GlobeSt.com: How has the marijuana industry impacted the retail market in Denver?
Hallberg: The marijuana industry has had a significant impact on the retail market, not only in Denver but throughout Colorado. Marijuana retailers/dispensaries can pay higher rents than average tenants—by as much as 40%—making them sought after by those Landlords that are not averse to the use or the issues that surround them. In addition, they can lease otherwise hard-to-lease space and charge more for it. Other tenants get a direct benefit from marijuana retailers as centers with dispensaries increase traffic for all of the co-tenants in these centers. Last month marijuana sales in Colorado topped $100 million for the month. And through August of this year, there was more than $85 million in tax revenue generated by the sale of marijuana, far outpacing 2014. This has a direct effect on such issues as infrastructure construction, including schools, new roads and bridges.
GlobeSt.com: What impact do you see e-commerce having on brick and mortar?
Hallberg: It definitely has some impact though people still like to go out, see, touch and feel the product. Big-box retailers are being much more selective on the locations—and the number of locations—they’re opening, but they still need a presence in the market, even if people still prefer to buy online.
GlobeSt.com: With the Federal Reserve raising interest rates, do you see any impact on the retail market?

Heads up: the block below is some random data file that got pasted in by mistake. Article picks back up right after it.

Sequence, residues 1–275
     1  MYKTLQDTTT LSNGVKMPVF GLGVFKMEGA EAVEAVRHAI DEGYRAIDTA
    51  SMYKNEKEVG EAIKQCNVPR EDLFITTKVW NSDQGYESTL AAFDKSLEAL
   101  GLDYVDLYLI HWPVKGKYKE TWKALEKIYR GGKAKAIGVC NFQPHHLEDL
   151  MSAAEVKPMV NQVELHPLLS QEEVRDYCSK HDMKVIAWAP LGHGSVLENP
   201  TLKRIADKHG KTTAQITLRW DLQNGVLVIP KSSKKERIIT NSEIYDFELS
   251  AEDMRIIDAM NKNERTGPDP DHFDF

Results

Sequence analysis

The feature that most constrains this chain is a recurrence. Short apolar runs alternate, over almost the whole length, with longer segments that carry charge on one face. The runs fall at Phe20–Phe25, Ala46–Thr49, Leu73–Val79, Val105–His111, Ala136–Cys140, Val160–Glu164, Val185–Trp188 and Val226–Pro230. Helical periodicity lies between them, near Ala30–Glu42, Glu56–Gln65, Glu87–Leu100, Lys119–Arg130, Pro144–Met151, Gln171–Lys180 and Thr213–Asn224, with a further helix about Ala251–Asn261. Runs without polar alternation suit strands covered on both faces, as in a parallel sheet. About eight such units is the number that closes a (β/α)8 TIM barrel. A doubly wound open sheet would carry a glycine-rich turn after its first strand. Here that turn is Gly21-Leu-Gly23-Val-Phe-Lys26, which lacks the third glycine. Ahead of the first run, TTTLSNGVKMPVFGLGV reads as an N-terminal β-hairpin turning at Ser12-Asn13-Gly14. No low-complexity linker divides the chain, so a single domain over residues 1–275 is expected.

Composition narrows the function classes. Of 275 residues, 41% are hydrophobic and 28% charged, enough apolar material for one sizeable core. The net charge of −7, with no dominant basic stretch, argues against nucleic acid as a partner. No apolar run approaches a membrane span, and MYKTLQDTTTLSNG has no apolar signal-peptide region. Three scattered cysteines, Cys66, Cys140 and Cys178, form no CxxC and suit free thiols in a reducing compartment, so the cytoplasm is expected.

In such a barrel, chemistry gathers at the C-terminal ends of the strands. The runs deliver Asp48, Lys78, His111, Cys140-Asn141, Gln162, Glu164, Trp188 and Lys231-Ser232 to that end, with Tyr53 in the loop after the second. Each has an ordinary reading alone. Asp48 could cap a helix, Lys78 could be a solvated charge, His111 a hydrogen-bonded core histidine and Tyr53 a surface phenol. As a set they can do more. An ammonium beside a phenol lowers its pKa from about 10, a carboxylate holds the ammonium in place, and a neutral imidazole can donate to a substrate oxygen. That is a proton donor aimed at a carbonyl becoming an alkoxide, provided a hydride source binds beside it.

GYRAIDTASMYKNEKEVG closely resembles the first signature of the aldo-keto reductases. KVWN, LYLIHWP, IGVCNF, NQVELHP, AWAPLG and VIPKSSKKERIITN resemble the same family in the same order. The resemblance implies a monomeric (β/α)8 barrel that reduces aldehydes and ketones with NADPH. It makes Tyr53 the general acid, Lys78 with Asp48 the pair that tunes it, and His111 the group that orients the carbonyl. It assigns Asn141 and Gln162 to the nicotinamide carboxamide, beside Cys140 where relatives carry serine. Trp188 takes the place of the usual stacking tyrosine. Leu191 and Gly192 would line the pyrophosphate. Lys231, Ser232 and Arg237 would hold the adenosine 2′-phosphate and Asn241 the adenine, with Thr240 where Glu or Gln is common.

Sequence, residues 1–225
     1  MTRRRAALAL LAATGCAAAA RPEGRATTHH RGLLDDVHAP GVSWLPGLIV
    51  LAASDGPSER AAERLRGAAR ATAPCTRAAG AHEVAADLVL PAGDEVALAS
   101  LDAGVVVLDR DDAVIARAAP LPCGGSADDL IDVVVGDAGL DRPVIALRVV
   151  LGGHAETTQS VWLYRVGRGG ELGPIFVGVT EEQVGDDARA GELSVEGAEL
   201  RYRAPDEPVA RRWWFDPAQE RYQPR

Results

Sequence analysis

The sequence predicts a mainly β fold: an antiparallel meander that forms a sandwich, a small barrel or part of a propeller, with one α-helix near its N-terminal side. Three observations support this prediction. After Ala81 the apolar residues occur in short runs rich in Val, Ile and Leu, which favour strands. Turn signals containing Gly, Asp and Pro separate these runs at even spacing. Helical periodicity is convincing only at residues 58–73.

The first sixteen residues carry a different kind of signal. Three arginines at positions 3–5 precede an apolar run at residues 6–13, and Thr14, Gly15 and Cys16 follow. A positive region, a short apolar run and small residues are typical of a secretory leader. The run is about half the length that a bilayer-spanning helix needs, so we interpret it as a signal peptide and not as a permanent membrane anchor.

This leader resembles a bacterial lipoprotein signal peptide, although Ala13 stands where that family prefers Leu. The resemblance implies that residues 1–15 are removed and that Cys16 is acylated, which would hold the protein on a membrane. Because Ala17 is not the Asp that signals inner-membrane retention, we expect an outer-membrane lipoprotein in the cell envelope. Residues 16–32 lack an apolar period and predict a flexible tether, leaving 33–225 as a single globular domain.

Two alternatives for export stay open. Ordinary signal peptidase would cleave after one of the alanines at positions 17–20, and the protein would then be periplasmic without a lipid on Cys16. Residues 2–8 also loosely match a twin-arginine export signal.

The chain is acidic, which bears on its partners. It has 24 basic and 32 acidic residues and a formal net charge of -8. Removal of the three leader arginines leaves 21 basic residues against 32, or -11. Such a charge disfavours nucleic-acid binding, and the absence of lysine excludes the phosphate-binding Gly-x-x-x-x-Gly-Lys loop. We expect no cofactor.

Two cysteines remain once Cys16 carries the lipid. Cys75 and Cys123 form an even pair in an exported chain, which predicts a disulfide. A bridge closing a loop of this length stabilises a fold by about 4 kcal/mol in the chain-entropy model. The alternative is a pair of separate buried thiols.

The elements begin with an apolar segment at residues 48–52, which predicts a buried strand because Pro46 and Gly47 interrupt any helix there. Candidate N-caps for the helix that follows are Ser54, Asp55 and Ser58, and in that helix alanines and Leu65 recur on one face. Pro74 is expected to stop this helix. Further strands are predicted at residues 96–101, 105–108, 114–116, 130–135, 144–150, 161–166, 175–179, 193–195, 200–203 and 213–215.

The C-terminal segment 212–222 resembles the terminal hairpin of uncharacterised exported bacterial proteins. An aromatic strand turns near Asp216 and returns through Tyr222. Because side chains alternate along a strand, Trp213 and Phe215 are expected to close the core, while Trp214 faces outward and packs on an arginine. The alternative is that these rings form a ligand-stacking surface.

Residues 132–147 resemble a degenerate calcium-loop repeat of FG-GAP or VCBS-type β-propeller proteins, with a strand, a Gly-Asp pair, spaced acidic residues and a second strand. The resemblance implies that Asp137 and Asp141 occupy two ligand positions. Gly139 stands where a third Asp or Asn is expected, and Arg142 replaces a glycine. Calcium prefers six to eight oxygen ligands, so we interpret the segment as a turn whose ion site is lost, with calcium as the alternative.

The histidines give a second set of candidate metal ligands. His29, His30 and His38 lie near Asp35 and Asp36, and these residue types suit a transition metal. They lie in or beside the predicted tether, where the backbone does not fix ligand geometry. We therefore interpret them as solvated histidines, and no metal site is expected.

Hallberg: It will impact the investment market to some degree, though the attractiveness of the higher cap rates in the Denver market compared to other bigger markets will still lure those investors looking for a stable return in a growing market. This is especially true for 1031 exchange investors that are being priced out of their markets. I expect bidding to continue at a brisk pace as investors look to purchase assets before the Fed increases rates again. They’ve also indicated that this rate hike is a tentative beginning to a gradual tightening cycle while they monitor the effect on inflation.
GlobeSt.com: So what’s the outlook? What do you see happening in 2016?
Hallberg: When I look to 2016, I see a Denver economy that will expand and attract new companies to the market. The city will see continued strong job growth and lower unemployment. The Denver market will still have challenges in the affordable housing sector that will need to be addressed as we see more influx from millennials, issues such as demand driving rents and sales higher, pricing many out of the market. The demand for retail space will continue to drive rates up because of the limited competition from new retail projects coming online. Investor activity will outpace 2015 for both single and multi-tenant investments as investors look to capitalize on the still-low interest rates and the lack of good investment opportunities in competing markets. Construction of new developments will continue in an effort to keep up with the demand of a growing population and lack of available inventory. The developments that are pre-leased will lead the way in new construction.